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Introduction
Table of Contents
Appendices  
Subject Index  
Glossary  
References
Related Links
About the Authors
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0-01: An inclusive, respectful school climate
0-14: Qualifications of school health staff
4-15: Identification of health/safety needs prior to school entry
4-20: Individualized health services plans
6-01: Accessible school facilities and programs
7-01: Healthy and safe social environment
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Bright Futures
Resources to promote healthy behaviors, reduce morbidity and mortality, develop partnerships between health professionals, families, and communities, and improve child health outcomes
Centers for Disease Control and Prevention (CDC)
Centers for Disease Control and Prevention (CDC) - "School Health Index for Physical Activity and Healthy Eating: A Self Assessment & Planning Guide"
Centers for Disease Control and Prevention (CDC) - Division of Adolescent and School Health
Includes youth risk behavior surveillance and guidelines for school health programs.
Disabled Sports USA
For information on daily air quality across the United States.
National Association for Sport and Physical Education
The "store" includes published national guidelines.
National Sports Center for the Disabled
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3-03 - Physical activity and special needs
 

Establish and enforce policies and practices that enable students with disabilities and other special health care needs to participate fully and safely in physical education and other school physical activity programs.

   
Rationale
 

Students with disabilities need to experience the same quality of physical education and be offered equivalent opportunities for physical activity that are offered to other students, but with modifications to meet their needs. These students require physical activities that are designed to increase physical endurance, strength, and skills.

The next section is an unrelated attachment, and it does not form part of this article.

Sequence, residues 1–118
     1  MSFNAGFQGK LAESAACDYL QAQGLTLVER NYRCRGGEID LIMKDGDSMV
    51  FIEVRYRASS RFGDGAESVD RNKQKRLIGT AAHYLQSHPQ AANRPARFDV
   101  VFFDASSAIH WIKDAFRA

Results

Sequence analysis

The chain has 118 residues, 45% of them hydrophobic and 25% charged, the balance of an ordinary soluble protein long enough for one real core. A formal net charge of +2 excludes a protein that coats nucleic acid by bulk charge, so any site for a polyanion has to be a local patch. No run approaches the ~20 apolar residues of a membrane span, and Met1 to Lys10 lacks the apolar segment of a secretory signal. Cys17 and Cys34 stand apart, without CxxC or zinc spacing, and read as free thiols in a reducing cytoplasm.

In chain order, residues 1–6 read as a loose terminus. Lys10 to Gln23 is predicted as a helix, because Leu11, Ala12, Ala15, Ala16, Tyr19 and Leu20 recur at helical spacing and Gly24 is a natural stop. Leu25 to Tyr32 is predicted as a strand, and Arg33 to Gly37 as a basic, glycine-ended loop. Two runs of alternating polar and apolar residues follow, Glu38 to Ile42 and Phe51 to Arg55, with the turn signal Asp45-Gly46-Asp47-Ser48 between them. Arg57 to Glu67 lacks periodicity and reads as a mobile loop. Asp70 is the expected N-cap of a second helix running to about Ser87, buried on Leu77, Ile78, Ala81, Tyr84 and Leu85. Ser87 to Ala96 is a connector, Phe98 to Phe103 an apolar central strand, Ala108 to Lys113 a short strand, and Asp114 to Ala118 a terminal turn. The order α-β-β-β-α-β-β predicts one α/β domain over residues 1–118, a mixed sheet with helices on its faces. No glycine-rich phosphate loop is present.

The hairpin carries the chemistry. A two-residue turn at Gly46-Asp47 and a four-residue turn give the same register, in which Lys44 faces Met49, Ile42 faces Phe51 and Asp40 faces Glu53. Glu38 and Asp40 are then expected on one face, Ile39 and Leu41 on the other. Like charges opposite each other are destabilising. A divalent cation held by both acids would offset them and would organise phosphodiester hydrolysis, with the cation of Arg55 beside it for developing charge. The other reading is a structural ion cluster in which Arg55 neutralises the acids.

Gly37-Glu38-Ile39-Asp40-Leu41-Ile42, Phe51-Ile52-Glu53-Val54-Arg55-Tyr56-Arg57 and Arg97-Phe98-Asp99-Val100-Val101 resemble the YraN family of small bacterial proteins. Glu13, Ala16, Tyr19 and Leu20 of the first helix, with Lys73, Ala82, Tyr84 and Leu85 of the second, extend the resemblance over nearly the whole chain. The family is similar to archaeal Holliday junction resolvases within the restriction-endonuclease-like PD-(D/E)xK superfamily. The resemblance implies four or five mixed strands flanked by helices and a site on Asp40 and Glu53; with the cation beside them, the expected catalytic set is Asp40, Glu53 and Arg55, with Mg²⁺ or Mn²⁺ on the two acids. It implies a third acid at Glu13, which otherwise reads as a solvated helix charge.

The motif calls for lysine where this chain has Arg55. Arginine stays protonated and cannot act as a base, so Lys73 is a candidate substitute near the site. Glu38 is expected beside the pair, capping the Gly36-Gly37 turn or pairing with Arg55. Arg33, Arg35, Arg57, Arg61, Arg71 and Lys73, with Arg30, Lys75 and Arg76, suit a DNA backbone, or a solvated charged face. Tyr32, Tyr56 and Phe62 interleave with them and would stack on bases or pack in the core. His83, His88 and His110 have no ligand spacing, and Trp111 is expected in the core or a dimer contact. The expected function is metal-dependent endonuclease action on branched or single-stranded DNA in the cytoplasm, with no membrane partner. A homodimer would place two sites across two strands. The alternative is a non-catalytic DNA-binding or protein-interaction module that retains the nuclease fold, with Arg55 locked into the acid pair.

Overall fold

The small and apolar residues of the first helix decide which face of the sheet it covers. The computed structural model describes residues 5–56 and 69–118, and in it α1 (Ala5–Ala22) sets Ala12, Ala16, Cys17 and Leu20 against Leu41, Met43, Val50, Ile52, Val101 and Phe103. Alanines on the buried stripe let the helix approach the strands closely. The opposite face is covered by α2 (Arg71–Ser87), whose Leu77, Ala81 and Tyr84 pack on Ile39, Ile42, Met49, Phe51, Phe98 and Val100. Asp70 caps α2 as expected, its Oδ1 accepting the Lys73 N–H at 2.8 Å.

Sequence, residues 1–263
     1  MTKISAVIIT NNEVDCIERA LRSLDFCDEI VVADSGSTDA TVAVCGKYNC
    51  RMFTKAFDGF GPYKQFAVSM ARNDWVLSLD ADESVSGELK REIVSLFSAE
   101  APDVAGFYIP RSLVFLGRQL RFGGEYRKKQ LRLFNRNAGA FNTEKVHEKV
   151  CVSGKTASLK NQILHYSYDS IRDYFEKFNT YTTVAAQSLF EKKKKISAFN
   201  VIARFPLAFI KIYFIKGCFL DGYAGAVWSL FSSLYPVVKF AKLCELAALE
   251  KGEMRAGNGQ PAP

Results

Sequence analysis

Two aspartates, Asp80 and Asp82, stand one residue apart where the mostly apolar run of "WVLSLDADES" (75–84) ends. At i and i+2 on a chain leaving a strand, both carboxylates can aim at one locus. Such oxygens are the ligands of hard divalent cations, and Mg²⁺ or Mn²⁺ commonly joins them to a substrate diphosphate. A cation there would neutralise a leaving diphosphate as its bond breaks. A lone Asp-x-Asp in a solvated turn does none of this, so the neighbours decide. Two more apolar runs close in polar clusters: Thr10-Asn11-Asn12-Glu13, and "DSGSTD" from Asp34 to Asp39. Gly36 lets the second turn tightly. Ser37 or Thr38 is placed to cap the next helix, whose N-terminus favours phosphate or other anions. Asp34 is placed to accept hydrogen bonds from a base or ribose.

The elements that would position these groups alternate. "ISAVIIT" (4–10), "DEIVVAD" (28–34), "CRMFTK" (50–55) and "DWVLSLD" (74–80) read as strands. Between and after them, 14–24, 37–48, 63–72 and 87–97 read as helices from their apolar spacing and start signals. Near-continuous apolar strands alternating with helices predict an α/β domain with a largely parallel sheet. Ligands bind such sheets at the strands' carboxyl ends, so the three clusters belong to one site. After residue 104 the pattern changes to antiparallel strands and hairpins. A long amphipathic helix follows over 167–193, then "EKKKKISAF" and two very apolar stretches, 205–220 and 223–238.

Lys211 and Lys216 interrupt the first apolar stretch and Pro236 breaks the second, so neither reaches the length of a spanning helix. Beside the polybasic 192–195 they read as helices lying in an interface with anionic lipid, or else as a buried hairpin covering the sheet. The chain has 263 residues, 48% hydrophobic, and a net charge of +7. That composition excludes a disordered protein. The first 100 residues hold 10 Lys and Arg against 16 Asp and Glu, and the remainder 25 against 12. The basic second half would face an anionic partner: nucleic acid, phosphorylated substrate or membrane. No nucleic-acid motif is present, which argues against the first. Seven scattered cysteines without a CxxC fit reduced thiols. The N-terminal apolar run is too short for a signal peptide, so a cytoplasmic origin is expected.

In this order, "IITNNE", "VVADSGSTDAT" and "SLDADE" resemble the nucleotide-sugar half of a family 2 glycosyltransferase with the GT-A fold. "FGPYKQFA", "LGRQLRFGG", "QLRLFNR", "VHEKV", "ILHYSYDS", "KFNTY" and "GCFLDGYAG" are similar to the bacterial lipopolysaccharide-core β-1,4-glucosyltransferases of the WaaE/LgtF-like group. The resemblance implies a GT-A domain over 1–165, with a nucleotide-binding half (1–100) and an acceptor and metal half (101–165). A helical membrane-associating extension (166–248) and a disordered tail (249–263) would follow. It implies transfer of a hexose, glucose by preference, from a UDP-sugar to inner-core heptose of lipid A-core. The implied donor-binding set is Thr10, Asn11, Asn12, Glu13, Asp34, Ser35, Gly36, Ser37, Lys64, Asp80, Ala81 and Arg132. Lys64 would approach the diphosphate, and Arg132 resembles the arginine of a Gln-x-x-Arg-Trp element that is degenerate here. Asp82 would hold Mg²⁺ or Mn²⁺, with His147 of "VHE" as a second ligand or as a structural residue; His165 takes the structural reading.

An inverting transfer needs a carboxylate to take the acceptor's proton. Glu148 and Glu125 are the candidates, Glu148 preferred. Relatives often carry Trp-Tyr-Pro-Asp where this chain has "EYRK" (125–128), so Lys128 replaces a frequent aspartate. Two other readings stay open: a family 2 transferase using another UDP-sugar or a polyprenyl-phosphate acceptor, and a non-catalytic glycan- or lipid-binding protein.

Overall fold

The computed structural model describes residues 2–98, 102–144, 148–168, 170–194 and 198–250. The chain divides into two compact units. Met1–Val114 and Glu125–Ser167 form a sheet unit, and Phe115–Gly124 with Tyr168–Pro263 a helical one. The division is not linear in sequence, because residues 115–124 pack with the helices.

Commentary
 

Each student with a special health care need or disability requires an assessment of how the disability or special health care need will impact participation in any given activity. This includes assessments of cognitive abilities and social skills. Physical activity and physical education programs must be tailored to meet each student's specific disability and goals and allow them to experience success.

Based on need, physical activity for students with disabilities may be delivered in a regular physical education class or in an adapted physical education class. Sometimes specialized instruction is required for students with disabilities in order to deal effectively with special learning styles and modes of communication. In addition, protective equipment, safety gear, and surfaces may require modifications to accommodate students. Teachers with national certification for adapted physical education are best equipped to design these programs. Standards from the National Consortium for Physical Education and Recreation (37) guide physical educators on accommodating the needs of students with disabilities. Resources are also available to guide community and school health professionals on specific cautions for athletic participation of students with cardiac disorders, neurological problems, cystic fibrosis, Down Syndrome, and other conditions (6, 41, 48).

   
REFERENCES
 

American Academy of Pediatrics, Committee on Sports Medicine and Fitness. Medical Conditions Affecting Sports Participation. Pediatrics 2001;107:1205-1209.

Block ME. A Teacher's Guide to Including Students With Disabilities in Regular Physical Education. Baltimore, MD: Brookes; 1994.

Centers for Disease Control and Prevention. Promoting Better Health for Young People Through Physical Activity and Sports: A Report to the President From the Secretary of Health and Human Services and the Secretary of Education; Fall 2000.

National Association for Sport and Physical Education. Including Students With Disabilities in Physical Education. Reston, VA: National Association for Sport and Physical Education; 1995.

National Consortium for Physical Education and Recreation for Individuals with Disabilities. Adapted physical education national standards. Champaign, IL: Human Kinetics; 1995.

National Heart, Lung, and Blood Institute. Asthma and Physical Activity in the School: Making a Difference. Bethesda, MD: National Institute of Health Publication No. 95-3651; 1995.

Patrick K. et al. (eds) Bright futures in practice: physical activity /, Arlington, VA : National Center for Education in Maternal and Child Health, 2001.

Sullivan JA, Anderson SJ, eds. Care of the Young Athlete. Rosemont, IL: American Academy of Orthopaedic Surgeons/American Academy of Pediatrics; 2000.

 
          
 
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